There is much to admire in this volume. The authors have recovered diverse sources and histories. Although Texas women did not endure a scorched earth policy, they faced scarcity, loss of life, and changing statuses. It may be that the experiences of Texas women varied far more than that of their warring menfolk. Once Texas soldiers enlisted, they joined in the common discomforts and disasters of the battlefield, while their womenfolk endured a far greater variety of vicissitudes. As a last word, with the rich array of topics presented in this volume, one wishes for an epilogue to bring them into perspective.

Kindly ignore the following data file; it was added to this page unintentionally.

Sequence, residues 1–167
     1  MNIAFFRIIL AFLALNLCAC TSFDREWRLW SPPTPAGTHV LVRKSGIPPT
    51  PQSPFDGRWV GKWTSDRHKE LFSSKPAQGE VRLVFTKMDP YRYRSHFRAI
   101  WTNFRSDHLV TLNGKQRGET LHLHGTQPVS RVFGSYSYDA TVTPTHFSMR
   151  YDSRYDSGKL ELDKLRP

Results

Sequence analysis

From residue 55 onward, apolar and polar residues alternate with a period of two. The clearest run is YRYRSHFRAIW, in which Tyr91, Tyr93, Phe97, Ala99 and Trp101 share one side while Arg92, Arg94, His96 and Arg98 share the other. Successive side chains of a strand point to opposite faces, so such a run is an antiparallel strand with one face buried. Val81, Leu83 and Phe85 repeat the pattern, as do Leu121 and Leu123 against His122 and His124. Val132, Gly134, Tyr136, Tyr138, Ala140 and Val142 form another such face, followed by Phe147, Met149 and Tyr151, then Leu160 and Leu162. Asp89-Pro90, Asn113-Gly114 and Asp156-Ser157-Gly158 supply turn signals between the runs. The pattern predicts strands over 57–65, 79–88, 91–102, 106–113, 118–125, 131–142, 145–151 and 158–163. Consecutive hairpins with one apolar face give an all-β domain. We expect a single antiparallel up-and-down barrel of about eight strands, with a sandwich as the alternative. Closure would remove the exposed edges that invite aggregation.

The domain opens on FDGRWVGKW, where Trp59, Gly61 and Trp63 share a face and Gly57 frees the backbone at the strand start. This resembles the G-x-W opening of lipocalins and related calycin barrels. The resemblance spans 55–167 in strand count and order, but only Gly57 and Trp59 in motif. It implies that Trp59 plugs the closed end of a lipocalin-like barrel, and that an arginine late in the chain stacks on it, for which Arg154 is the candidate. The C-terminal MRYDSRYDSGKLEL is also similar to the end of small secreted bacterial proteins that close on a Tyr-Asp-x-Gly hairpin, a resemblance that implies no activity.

Elizabeth Hayes Turner is Distinguished Teaching Professor Emeritus and Professor of History at the University of North Texas. She is the author of Women and Gender in the New South, 1865–1945 (2009), Women, Culture, and Community: Religion and Reform in Galveston, 1880–1920 (1997), and is co-author of Galveston and the 1900 Storm: Catastrophe and Catalyst (2000). Turner has authored several articles and coedited six volumes, including Texas Women: Their Histories, Their Lives (2015), Lone Star Pasts: Memory and History in Texas (2007) as well as Major Problems in the History of the American South (1999 and 2012). In 2003 she was a Fulbright Lecturer to the University of Genoa, Italy. In 2011 she was awarded the William P. and Rita Clements Center Fellowship for the Study of Southwestern America, Southern Methodist University, and elected Fellow of the Texas State Historical Association.